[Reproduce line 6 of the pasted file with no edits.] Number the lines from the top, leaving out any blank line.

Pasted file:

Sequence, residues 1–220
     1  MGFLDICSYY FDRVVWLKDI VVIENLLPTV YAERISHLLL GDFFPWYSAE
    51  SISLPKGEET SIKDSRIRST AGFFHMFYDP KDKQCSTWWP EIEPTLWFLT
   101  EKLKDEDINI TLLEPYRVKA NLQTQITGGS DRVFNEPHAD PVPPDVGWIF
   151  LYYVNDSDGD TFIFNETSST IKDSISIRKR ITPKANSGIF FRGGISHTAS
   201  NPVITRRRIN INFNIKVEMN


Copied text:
   201  NPVITRRRIN INFNIKVEMN